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Hoffmann (motorcycle)

From Wikipedia, the free encyclopedia

Hoffmann-Werke Lintorf
PredecessorSolinger Fahrrad Fabrik
FounderJakob Oswald Hoffmann
ProductsVespa (under licence)
Hoffmann Gouveneur
Number of employees
950 (1954)
Footnotes / references

Hoffmann was a bicycle manufacturer in Ratingen-Lintorf, Germany. Between 1948 and 1954 the company also manufactured motorcycles. It made a range of models using engines from 125cc to 250cc made by ILO, and the Gouverneur, which had a transversely-mounted 248 cc flat twin four-stroke engine designed by Richard Küchen, and shaft drive. The Gouverneur was developed into the MP 250-2 and finally, in 1953, the S 300 model.

From 1949 to 1954 Hoffmann also made at least 60,000 Vespa motor scooters under licence. A licensing dispute brought this to an end in 1954. At the same time Hoffmann also withdrew from making its own motorcycles, and had further legal problems with their microcar, the Auto-Kabine.


Hoffmann Vespa 125
Hoffmann Vespa 125

Jakob Oswald Hoffmann moved his Solinger Bicycle Factory to Lintorf, near Düsseldorf, shortly after the end of World War II. In the immediate postwar era the factory made household goods, tools, and bicycles. The factory began making motorcycles in 1948.[1]

Vespa production

On 9 August 1949, Hoffmann's factory was granted the first licence to manufacture Piaggio's Vespa scooter. One month later, on 9 September 1949, the factory changed its name to Hoffmann-Werke.[1] Hoffmann made thousands of Vespas each year from 1949 to 1953,[1] ultimately making at least 60,000 Vespas by the end of production.[2]

Gouverneur motorcycle

Hoffmann Gouverneur
Hoffmann Gouverneur.jpg
1953 Hoffmann S 300 Gouverneur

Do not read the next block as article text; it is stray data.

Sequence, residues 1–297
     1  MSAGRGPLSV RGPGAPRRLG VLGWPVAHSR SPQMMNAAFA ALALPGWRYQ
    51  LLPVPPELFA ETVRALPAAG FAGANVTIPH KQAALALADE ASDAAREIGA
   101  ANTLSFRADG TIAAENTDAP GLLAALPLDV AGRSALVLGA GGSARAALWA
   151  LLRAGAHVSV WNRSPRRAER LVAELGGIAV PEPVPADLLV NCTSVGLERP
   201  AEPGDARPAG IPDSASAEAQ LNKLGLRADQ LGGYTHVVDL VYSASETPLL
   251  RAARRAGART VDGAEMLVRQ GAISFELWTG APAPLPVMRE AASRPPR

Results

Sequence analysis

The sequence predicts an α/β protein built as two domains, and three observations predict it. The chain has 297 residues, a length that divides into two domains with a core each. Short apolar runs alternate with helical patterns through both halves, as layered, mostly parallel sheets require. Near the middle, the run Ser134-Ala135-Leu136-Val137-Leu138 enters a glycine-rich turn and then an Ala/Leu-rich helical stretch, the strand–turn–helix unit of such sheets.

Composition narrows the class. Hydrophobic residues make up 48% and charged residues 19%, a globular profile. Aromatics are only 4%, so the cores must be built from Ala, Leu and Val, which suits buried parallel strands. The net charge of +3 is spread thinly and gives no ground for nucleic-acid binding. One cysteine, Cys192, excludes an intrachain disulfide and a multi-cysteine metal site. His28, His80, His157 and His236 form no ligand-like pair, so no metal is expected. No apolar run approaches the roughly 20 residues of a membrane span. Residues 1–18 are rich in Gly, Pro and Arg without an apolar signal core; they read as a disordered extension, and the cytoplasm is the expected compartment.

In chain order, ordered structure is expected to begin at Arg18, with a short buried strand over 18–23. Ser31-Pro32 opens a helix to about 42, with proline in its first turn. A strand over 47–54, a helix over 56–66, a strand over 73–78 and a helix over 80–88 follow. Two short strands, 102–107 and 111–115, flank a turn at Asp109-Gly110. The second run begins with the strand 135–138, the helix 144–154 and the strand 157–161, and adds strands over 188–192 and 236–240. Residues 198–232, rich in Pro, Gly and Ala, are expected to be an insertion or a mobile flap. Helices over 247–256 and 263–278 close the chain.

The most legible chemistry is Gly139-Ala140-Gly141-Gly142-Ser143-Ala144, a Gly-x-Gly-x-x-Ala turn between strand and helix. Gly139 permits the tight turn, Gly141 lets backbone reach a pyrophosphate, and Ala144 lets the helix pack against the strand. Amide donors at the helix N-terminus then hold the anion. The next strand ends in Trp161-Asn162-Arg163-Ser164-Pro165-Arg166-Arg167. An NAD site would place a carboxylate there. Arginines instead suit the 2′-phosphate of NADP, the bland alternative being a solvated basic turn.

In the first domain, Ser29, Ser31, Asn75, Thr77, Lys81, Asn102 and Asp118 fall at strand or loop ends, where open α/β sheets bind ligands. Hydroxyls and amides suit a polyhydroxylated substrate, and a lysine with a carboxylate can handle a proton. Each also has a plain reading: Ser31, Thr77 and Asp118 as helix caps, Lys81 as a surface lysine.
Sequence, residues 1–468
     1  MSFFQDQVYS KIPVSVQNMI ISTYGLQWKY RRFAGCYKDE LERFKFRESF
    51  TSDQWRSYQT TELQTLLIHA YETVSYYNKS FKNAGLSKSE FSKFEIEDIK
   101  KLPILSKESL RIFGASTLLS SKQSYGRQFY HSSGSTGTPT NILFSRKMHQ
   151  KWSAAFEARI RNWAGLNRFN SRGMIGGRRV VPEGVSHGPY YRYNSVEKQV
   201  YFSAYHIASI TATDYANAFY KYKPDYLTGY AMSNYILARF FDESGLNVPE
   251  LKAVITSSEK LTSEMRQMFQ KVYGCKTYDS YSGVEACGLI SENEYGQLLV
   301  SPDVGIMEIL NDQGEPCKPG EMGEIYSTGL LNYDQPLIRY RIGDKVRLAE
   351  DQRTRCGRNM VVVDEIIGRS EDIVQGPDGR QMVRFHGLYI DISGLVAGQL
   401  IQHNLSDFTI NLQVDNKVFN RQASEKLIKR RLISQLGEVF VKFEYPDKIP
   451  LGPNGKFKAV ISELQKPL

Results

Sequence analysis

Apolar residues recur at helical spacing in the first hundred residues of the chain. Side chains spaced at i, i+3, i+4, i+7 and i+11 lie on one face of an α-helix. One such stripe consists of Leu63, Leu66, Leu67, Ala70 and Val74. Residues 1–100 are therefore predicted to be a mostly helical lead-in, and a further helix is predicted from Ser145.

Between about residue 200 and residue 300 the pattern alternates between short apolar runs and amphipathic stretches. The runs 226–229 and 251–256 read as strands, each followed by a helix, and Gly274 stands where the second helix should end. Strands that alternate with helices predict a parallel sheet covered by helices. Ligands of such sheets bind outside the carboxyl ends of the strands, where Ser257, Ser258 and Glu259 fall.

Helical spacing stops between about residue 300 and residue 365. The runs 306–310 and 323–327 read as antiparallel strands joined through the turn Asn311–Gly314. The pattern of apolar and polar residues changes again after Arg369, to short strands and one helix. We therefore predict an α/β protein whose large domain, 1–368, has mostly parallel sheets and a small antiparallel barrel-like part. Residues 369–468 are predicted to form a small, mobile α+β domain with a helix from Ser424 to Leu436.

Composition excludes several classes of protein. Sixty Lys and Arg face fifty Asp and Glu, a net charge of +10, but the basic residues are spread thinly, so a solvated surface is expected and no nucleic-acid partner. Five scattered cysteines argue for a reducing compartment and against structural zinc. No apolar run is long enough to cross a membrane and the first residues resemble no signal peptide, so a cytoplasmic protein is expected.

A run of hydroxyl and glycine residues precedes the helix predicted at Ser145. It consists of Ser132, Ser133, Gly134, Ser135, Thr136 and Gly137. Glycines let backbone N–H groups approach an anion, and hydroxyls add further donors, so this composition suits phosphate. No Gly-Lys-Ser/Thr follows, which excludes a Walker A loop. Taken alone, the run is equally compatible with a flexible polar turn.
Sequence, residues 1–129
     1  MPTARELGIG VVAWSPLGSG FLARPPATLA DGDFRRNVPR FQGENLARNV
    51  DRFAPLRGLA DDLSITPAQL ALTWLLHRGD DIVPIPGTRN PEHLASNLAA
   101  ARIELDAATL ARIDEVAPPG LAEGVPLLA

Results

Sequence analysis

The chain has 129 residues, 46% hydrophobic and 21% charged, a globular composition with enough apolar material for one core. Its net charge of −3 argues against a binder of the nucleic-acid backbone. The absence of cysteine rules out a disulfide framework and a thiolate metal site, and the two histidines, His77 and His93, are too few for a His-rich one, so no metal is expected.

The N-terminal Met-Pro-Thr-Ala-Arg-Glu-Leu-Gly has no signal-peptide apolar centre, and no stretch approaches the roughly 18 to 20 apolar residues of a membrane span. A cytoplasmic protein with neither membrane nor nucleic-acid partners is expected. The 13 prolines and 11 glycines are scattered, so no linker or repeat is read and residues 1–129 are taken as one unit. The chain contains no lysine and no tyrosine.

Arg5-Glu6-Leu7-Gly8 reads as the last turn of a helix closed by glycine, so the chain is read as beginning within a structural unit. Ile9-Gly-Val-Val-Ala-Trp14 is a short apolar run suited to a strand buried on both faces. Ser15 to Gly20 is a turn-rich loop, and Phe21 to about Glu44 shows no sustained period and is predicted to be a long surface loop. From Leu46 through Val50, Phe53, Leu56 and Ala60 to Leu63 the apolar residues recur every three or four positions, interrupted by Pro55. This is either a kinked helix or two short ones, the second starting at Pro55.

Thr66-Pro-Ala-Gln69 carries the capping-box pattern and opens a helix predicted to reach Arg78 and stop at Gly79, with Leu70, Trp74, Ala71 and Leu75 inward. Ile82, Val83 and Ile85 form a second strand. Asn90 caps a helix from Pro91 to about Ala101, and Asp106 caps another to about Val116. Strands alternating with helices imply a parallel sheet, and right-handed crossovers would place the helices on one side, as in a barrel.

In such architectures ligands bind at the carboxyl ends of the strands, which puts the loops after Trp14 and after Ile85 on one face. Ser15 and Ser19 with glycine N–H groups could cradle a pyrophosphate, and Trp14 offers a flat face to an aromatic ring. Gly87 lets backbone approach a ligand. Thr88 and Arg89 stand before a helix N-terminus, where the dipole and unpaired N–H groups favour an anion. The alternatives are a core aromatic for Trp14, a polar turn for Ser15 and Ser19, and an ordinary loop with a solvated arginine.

Also calledMP-250
S 300
ProductionMP-250: 1951–1954
S 300: 1953–1954
EngineOHV flat-twin engine
MP-250: 248 cc
S 300: 298 cc[3]
Bore / strokeMP-250: 58 mm × 47 mm (2.3 in × 1.9 in)
S 300: 61 mm × 51 mm (2.4 in × 2.0 in)[3]
PowerMP-250 (1951-2): 11 hp (8.2 kW) at 4500 rpm[4]
MP-250 (1953-4): 14.5 hp (10.8 kW) at 4800 rpm[4]
S 300: 17 PS (13 kW) [3]
Transmissionfour speed foot shift
Frame typePressed steel spine frame with detachable double cradle[5]
SuspensionFront: Inverted telescopic forks
Rear: plunger[5]
Brakesdrums front & rear[3]
Tyres3.25 x 19[3]
WeightMP-250: 130 kg (290 lb)
S 300: 150 kg (330 lb)[3] (wet)

In 1951, Hoffmann introduced the Gouverneur, a 250 cc four-stroke flat-twin engine motorcycle with shaft drive.[5] The Gouverneur, designed by noted motorcycle designer Richard Küchen,[4][5] expanded Hoffmann's range upmarket from their existing line of two-stroke ILO-engined motorcycles.[6] Both the frame and the engine were new designs,[4] and the development costs of the Gouverneur were very high.[4][6] This was compounded by quality control problems caused by a workforce without experience in making engines.[4]

In 1953, the Gouverneur's power output was increased from 11 hp (8.2 kW) at 4500 rpm to 14.5 hp (10.8 kW) at 4800 rpm[4]